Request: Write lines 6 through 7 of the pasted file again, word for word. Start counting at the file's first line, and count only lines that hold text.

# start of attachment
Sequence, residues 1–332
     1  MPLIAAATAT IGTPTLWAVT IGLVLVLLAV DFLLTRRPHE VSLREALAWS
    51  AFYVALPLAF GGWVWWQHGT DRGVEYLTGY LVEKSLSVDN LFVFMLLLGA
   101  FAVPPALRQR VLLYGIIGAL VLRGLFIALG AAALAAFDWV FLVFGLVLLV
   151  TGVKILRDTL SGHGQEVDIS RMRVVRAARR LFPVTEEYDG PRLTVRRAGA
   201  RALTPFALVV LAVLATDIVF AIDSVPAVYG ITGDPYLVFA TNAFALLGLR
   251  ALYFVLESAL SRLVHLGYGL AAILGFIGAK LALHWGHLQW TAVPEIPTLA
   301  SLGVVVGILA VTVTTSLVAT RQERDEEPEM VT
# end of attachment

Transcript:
   201  RALTPFALVV LAVLATDIVF AIDSVPAVYG ITGDPYLVFA TNAFALLGLR
   251  ALYFVLESAL SRLVHLGYGL AAILGFIGAK LALHWGHLQW TAVPEIPTLA